Duo use farmers to cheat bank of Rs 60cr

CHENNAI: A complex bank loan fraud has come to light with State Bank of India staring at a loss of 60 crore after advancing ‘market produce loans‘ ranging from 35 lakh to 40 lakh each to 170 farmers and seeing the sum gobbled up by two suspects named Shenbagam and Velmurugan. A few of the victims said that the two men, posing as bank agents promising to get them ‘pension‘, obtained signatures from them – almost all of them illiterate – and scooted with the huge amount after the bank promptly sanctioned the loans. They are now running from pillar to post trying to prove they were not party to the fraud, they said. SBI transferred one branch manager and ordered a departmental inquiry, maintaining that they were market produce loans and that the farmers knew what they had signed before the loans were sanctioned.
A bank official said Shenbagam and a few others had been involved in a similar fraud, worth around 97 crore, in 2013 and CBI had registered a case based on a complaint from bank managers. The latest fraud has come to light at a few SBI branches, including at Jayamangalam and Thengarai, in Theni and Periyakulam areas, another bank official said.

Difficult to verify genuineness of each borrower: SBI official

An SBI spokesman said financing traders and farmers against stocks of merchandise or produce had been a regular feature for commercial banks for years. The scheme was evolved to help farmers store their products in warehouses till they got an adequate price. During the time the produce remained in the warehouse, the could secure a loan against its value based on the quality and quantity certified by the warehouse authorities. A time period was stipulated to pay off the loans.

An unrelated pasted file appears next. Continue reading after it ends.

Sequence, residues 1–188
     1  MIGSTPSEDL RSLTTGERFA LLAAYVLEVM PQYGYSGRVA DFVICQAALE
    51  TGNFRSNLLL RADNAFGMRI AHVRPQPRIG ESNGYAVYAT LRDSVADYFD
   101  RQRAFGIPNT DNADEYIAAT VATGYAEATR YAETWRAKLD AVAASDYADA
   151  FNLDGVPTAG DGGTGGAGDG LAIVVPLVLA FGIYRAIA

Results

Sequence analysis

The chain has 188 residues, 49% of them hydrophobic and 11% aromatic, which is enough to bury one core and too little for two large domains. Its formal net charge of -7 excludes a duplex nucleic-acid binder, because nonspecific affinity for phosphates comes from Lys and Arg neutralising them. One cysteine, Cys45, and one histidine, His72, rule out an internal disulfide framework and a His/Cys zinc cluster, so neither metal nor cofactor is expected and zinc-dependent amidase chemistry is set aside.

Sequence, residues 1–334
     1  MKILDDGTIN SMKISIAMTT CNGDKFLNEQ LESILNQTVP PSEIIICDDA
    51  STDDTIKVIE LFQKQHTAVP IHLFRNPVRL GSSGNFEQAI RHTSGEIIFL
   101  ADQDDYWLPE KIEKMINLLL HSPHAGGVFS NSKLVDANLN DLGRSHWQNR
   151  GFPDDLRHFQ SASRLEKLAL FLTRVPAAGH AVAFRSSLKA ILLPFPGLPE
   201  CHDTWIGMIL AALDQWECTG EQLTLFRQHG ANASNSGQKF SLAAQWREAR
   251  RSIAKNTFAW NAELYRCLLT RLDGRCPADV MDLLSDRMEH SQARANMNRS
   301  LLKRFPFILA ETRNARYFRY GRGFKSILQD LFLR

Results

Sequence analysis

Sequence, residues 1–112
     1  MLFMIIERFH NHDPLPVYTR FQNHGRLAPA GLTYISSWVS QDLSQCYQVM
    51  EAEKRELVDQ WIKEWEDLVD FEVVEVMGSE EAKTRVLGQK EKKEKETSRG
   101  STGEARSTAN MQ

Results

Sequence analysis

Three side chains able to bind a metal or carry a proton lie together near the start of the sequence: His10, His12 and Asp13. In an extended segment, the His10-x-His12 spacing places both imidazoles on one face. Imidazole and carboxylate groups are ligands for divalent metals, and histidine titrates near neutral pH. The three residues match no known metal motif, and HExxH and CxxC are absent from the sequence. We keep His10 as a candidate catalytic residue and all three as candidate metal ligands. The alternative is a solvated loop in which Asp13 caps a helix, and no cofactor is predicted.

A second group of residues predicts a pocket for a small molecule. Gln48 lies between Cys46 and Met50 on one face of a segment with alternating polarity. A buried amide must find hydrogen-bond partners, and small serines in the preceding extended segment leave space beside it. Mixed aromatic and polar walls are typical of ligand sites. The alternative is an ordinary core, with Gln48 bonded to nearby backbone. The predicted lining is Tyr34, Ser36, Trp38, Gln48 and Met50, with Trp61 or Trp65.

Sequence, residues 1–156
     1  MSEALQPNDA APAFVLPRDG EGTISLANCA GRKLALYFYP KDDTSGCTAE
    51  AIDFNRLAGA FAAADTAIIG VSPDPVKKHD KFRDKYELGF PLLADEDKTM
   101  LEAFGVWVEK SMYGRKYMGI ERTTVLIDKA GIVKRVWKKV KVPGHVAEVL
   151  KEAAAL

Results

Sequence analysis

Facilities registered under the Warehousing Development and Regulatory Authority (WDRA) are authorized to issue Negotiable Warehouse Receipts (NWR) with which traders or farmers can pledge their goods with commercial banks and borrow sums.

Separately, an official release from SBI said that most of the victims of the fraud had been borrowing from many of the bank’s branches for a long time and had been paying off the loans promptly. Accepting the occurrence of the fraud but refusing to quantify the amount lost, the SBI release tried to blame it on adverse fluctuations of prices after demonetization and GST.

Some SBI officials claimed that it was very difficult to verify the genuineness of each borrower except to rely upon the authenticity of the know-your-customer (KYC) documents presented by them. Also, the security of the loan components was covered under the NWR certificate presented, they said. The officials also took issue with the warehouse managements saying that “it is the onerous responsibility of the warehouse authority to verify the status of the farmer who stored the produce purported to have been cultivated by him/her in their facility.”

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